Children’s Museum Tucson debuts storytelling program

click to enlarge Children’s Museum Tucson debuts storytelling program
(Children’s Museum Tucson/Submitted)
Children play with drums in the courtyard of the Children’s Museum Tucson during Art After Dark on Second Saturday, Sept. 10. Local nonprofit and Japanese ensemble drumming group Odaiko Sonora provided play-based activities for children and their families.

The Children’s Museum Tucson will debut its new storytelling program, Cuentacuentos, on Saturday, Oct. 8, as part of its Art After Dark program, a monthly collaboration between local art partners and nonprofit organizations.

Hilary Van Alsburg, executive director at the CMT, said the museum received a project grant from Arizona Humanities in August to bring in multicultural storytellers as an ancillary initiative to support the Art After Dark’s arts programming. 

Arizona Humanities is a statewide nonprofit organization that supports public programs to “promote understanding of the human experience with cultural, educational and nonprofit programs across Arizona.” 

“There’s such a rich, vibrant storytelling community in Tucson,” Van Alsburg said. “Being able to bring in individuals who are skilled at this and highlighting different cultures for the audiences we serve is such a great benefit.”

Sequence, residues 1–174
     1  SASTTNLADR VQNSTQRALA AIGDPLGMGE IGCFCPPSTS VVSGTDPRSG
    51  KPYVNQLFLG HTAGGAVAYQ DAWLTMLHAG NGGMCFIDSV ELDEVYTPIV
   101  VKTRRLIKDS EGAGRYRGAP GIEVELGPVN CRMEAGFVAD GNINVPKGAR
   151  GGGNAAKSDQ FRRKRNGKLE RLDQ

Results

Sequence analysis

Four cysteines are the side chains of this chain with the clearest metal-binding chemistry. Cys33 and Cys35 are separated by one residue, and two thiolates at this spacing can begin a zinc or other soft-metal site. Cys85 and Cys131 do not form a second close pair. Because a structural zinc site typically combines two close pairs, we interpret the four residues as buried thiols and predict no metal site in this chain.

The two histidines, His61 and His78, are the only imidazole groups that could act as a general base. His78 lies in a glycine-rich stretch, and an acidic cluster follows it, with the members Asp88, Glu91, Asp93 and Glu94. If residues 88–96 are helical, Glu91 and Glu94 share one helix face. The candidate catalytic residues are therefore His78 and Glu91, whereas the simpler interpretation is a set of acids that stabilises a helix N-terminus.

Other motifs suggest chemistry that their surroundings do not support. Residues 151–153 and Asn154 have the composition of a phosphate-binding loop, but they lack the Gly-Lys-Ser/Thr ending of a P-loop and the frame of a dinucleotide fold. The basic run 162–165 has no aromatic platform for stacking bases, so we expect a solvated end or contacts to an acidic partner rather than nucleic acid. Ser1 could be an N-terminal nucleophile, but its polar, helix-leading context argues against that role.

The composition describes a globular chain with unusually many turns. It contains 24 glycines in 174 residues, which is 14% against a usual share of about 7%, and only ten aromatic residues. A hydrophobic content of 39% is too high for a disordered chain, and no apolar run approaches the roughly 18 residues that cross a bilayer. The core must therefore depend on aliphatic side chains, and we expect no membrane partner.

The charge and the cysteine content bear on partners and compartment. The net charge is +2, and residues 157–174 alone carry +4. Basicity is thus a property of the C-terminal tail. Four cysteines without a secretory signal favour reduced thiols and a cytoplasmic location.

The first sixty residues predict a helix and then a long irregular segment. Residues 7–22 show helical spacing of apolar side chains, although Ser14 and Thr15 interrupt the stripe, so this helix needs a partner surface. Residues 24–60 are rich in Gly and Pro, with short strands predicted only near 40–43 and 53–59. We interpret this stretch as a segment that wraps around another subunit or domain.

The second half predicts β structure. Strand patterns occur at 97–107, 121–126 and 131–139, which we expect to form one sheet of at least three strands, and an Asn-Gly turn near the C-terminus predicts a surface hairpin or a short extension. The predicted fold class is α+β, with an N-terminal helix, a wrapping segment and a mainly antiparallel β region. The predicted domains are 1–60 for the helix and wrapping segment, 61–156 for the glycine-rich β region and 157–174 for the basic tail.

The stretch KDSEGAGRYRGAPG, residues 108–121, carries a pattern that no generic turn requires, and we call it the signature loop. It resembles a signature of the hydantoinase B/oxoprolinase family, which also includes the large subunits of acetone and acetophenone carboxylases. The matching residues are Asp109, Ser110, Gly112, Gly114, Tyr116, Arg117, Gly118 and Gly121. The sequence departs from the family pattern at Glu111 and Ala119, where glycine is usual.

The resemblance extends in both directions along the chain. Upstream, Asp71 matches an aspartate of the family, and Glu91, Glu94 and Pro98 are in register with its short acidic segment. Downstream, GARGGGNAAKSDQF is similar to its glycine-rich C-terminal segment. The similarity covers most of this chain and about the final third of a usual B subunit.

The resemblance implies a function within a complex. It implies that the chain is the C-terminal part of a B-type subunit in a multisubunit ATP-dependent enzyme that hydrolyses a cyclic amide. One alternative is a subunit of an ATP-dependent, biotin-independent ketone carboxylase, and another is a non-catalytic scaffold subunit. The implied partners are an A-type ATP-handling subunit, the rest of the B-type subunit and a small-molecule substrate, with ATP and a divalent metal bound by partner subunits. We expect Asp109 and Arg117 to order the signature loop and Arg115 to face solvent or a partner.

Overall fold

Cuentacuentos is a partnership between the CMT and the University of Arizona’s College of Humanities and Africana Studies Department. Dr. Praise Zenenga, director of Africana Studies will be the first featured storyteller sharing oral histories from Africa including a West African Folktale about “Anansi the Spider.”

“There will be a lot of participation in terms of call and response and asking questions back and forth, wanting [the kids] to predict the outcomes,” Zenenga said. 

The stories will have morals and span a variety of delivery methods, including digital and performance storytelling. The department invites professors, and graduate and undergraduate students to participate in the program. 

Zenenga, who is tasked with finding other storytellers throughout the university said that narrators will be sourced from programs such as the School of International Languages, Literatures and Cultures (SILLC), area studies programs such as East Asian, Russian and Slavic German, Judaic, Latin American and Middle Eastern. 

“We decided that these area studies within the university can bring us stories about diversity, inclusion and equity from different parts of the world so that these kids will get to know that a difference is something that has to be celebrated and not disdained,” Zenenga said. 

With a theme of acceptance, Cuentacuentos reaches out to children in marginalized communities to prepare future leaders to think critically, make decisions, fairness and acceptance, Zenenga said.

The Cuentacuentos program is set to run through spring. CMT’s free Art After Dark program runs year-round, every second Saturday of the month with the goal of increasing accessibility to the arts for historically underserved and marginalized communities.   

Cuentacuentos at Art After Dark, supported by AZ Humanities

WHEN: 5:30 to 7:30 p.m. the Second Saturday of each month through the spring

WHERE: Children’s Museum Tucson, 200 S. Sixth Avenue, Tucson

COST: Free